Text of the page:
UFU flags unacceptable ammonia measures in Nitrates consultation
Friday, 22 March, 2019
The Ulster Farmers’ Union has submitted its response to DAERA’s proposals on Northern Ireland’s future Nitrates Action Plan (NAP) and has criticised DAERA for using a “sneaky, back door approach” and “taking liberties in the absence of government ministers” to slip ammonia measures into the proposals.
“DAERA must take a common sense approach. Including ammonia measures in NAP is nonsensical and counterproductive. Work is already underway to create an Ammonia Action Plan, these measures are better discussed and consulted on as part of that process,” said UFU president, Ivor Ferguson.
The UFU says it is seriously concerned and cannot accept the majority of the proposed changes to NI’s current Nitrates Action Programme. It says, if implemented they will have a hugely detrimental effect on local farm businesses and in fact, the entire agri-food industry as a whole.
“The suggestion to cover new outdoor slurry stores from 1 January 2020 and existing stores by 2022 is just one example of the totally unworkable proposals coming from DAERA. Ultimately, it will all add additional cost, paperwork and frustration to farm family businesses. This is not acceptable. It is vital that NI secures an approved Nitrates derogation but we must not cripple the industry in the process,” said Mr Ferguson.
DAERA have also included a number of measures relating to ammonia in the proposals such as the covering of tanks, banning of urea and phasing out of splash plates. Something the UFU fiercely opposes. While farmers accept more needs to be done, rigid systems with ruthless enforcement will not work.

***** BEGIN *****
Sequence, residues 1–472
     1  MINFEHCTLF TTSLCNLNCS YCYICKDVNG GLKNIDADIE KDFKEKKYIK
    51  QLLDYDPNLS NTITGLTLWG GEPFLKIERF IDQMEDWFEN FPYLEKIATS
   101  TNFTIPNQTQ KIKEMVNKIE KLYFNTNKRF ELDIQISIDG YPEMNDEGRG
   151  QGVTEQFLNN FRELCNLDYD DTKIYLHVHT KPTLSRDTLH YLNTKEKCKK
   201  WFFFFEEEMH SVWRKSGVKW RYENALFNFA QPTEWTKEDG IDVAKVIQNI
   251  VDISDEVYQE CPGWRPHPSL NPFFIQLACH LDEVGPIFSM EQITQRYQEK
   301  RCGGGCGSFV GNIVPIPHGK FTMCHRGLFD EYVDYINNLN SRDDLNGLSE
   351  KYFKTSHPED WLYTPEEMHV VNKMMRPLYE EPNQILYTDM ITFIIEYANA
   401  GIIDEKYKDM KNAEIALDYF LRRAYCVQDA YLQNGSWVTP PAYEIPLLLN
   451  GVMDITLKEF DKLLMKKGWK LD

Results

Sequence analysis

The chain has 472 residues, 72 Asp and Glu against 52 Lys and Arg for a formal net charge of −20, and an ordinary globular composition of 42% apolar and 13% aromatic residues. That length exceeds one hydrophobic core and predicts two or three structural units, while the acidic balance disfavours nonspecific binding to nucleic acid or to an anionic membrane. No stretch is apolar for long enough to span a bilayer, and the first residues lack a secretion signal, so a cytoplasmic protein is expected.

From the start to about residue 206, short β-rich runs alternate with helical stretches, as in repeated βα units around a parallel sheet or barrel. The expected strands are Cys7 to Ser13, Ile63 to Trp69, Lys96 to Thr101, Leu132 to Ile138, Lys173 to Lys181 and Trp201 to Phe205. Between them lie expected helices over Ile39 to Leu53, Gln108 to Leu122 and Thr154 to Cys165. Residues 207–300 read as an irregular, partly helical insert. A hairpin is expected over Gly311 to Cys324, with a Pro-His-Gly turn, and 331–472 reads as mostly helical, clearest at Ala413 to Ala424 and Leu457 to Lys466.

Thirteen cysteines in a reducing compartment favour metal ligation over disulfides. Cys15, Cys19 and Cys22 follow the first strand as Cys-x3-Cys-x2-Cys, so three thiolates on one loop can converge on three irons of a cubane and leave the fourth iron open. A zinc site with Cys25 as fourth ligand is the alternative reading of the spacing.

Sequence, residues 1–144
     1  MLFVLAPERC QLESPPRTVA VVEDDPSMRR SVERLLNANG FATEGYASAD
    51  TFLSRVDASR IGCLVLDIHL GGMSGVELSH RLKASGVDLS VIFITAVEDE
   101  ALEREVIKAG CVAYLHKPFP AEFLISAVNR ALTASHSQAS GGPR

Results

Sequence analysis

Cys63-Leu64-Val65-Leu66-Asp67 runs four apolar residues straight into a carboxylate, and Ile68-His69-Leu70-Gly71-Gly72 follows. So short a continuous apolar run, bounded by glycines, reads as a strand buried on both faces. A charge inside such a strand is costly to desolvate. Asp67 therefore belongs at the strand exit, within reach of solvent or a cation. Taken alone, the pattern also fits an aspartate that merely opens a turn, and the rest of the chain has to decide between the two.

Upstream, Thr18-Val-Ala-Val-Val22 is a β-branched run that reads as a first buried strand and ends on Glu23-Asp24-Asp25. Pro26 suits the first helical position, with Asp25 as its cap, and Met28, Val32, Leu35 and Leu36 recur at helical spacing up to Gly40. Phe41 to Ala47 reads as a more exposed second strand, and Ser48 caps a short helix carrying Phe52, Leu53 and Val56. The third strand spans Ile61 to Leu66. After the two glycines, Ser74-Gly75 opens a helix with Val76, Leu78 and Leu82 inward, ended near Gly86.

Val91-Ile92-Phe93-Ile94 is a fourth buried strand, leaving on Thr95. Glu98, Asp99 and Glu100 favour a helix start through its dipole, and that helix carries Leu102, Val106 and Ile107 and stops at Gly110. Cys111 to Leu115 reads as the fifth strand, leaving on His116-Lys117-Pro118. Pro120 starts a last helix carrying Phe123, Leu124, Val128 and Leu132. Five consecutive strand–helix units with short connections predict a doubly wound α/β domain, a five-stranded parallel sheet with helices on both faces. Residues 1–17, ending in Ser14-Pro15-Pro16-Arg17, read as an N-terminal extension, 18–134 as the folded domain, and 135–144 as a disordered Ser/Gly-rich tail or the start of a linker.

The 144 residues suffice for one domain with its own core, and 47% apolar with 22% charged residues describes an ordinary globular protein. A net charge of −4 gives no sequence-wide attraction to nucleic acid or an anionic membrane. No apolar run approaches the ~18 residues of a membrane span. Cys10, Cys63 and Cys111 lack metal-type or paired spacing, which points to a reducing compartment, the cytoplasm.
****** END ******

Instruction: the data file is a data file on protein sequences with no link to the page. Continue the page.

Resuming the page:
“The evidences shows catchment based approaches – working with local farmers and other partners – is the best way to achieve results. The Sustainable Agriculture Land Management Strategy has recommended this as a way forward and I would strongly encourage DAERA to embrace this method when it comes to tackling water quality and ammonia,” said Mr Ferguson.
Farmers recognise the importance of caring for the environment but do not get enough credit for the work they already do. “We work day in and day out looking after the countryside. We’ve had to adopt complicated programmes and invest significant amounts to comply with UK and EU regulations, which have helped to improve water quality over the last decade,” said the UFU president.
The UFU’s consultation response is available at www.ufuni.org/resources